Responding to what she called a spike in reports of harassment and vandalism targeting Jews, Muslims and other minorities, Attorney General Lisa Madigan is calling for legislation that would broaden Illinois hate crime laws.
Madigan on Thursday hosted a “summit” at the Thompson Center, with a panel of leaders from two dozen advocacy groups, ranging from the Jewish United Fund to the Council on American-Islamic Relations, to Lambda Legal and the National Immigrant Justice Center. The disparate groups were concerned about an increase in hostility toward Muslims, immigrants and LGBTQ people they claim has coincided with Donald Trump’s rise to the presidency.
“We just had active-shooter training at our office, because we also realize that we have to keep our people safe,” said Kim Fountain, chief operating officer of Center on Halsted, an LGBTQ rights organization. “It scared a lot of our staff, but we had to do it.”
Madigan is backing legislation that would make electronic harassment on Facebook, Twitter or other social media a prosecutable offense, and also would give her office the power to pursue civil damages for victims of hate crimes.
* The proposed new provisions are underlined and bolded…
A person commits hate crime when, by reason of the actual or perceived race, color, creed, religion, ancestry, gender, sexual orientation, physical or mental disability, or national origin of another individual or group of individuals, regardless of the existence of any other motivating factor or factors, he or she commits assault, battery, aggravated assault, intimidation, stalking, cyberstalking, misdemeanor theft, criminal trespass to residence, misdemeanor criminal damage to property, criminal trespass to vehicle, criminal trespass to real property, mob action, disorderly conduct, transmission of obscene messages, harassment by telephone, or harassment through electronic communications as these crimes are defined in [other statutes].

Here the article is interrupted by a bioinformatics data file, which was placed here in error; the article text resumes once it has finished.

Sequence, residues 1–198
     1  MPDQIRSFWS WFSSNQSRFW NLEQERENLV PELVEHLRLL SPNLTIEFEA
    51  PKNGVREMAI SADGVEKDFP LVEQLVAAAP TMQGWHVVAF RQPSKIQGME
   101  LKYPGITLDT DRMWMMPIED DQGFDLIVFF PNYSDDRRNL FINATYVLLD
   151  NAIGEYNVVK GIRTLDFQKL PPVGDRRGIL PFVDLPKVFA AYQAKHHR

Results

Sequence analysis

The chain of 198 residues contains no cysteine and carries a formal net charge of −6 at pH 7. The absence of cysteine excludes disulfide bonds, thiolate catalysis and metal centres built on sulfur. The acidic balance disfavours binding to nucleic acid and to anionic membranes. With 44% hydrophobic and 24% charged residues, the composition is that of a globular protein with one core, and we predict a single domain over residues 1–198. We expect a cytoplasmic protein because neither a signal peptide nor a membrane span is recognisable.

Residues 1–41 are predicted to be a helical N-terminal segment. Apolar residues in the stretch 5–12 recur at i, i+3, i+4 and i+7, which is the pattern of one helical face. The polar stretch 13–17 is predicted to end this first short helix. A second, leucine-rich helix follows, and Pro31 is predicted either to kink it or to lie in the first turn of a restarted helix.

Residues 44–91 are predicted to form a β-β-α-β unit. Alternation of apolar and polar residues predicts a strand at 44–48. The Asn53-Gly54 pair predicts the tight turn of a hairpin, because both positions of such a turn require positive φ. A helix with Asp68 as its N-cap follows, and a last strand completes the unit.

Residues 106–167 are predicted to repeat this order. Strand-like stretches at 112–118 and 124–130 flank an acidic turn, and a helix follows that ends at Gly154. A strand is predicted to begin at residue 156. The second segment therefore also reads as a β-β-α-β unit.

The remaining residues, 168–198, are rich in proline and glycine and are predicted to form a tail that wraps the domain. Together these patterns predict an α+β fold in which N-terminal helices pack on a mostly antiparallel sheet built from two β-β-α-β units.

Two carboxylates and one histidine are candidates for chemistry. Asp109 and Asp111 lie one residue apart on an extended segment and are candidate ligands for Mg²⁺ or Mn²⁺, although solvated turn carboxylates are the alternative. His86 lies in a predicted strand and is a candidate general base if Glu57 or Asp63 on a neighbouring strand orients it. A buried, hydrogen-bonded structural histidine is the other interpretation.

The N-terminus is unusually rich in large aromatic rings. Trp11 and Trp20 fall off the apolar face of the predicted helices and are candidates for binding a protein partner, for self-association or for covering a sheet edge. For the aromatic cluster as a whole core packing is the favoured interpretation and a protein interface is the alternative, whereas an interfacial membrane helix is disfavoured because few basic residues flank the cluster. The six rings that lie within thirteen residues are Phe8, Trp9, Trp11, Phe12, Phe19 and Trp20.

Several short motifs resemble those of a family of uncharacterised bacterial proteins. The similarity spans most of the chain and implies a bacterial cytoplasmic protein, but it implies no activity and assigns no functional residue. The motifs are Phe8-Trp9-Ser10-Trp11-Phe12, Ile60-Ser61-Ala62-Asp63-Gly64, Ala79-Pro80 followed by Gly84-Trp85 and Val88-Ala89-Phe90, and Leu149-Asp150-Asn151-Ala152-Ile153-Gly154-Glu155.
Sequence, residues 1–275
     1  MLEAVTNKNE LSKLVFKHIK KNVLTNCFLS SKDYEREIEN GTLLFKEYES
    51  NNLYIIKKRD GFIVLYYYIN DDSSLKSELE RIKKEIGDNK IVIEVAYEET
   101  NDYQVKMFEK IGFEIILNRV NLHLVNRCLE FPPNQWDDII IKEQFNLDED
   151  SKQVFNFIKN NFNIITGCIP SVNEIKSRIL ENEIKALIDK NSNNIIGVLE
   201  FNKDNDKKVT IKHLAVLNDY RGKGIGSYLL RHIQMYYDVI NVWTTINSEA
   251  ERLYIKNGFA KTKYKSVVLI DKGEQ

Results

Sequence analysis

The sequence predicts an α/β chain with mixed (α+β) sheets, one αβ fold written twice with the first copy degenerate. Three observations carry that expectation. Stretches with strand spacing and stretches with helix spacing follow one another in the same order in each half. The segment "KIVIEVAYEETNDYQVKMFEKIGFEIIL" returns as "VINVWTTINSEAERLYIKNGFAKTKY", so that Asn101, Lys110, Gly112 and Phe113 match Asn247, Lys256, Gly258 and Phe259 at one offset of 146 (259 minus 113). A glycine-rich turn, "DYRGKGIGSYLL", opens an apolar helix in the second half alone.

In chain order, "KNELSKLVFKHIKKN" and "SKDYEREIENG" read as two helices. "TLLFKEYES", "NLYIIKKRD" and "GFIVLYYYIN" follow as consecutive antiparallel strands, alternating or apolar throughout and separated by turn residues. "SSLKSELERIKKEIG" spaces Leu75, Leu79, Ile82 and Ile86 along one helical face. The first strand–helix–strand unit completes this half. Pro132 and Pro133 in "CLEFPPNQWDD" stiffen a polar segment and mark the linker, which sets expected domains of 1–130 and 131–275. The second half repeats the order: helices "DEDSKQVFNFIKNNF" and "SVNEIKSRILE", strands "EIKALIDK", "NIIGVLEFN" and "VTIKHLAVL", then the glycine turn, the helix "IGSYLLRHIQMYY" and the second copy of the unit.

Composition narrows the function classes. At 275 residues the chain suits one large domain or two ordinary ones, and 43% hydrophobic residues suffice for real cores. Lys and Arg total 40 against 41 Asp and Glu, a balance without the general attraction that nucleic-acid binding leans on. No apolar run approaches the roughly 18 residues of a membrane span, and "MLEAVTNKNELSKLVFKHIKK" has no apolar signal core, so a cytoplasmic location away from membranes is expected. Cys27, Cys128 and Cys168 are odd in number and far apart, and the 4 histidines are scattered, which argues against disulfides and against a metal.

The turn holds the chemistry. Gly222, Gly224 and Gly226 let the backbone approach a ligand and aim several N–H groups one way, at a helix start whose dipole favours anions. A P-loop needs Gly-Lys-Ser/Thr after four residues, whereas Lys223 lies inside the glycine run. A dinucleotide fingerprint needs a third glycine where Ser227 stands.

* From the synopsis, it also adds this provision…
Provides that independent of any criminal prosecution or the result of a criminal prosecution, any person suffering intimidation, stalking, cyberstalking, disorderly conduct, transmission of obscene messages, harassment by telephone, or harassment through electronic communications may bring a civil action for damages, injunction or other appropriate relief. Provides that the Attorney General may bring an action for civil damages for a hate crime in the name of the People of the State. Provides that the court shall impose a civil penalty of $25,000 for each violation of the hate crime statute.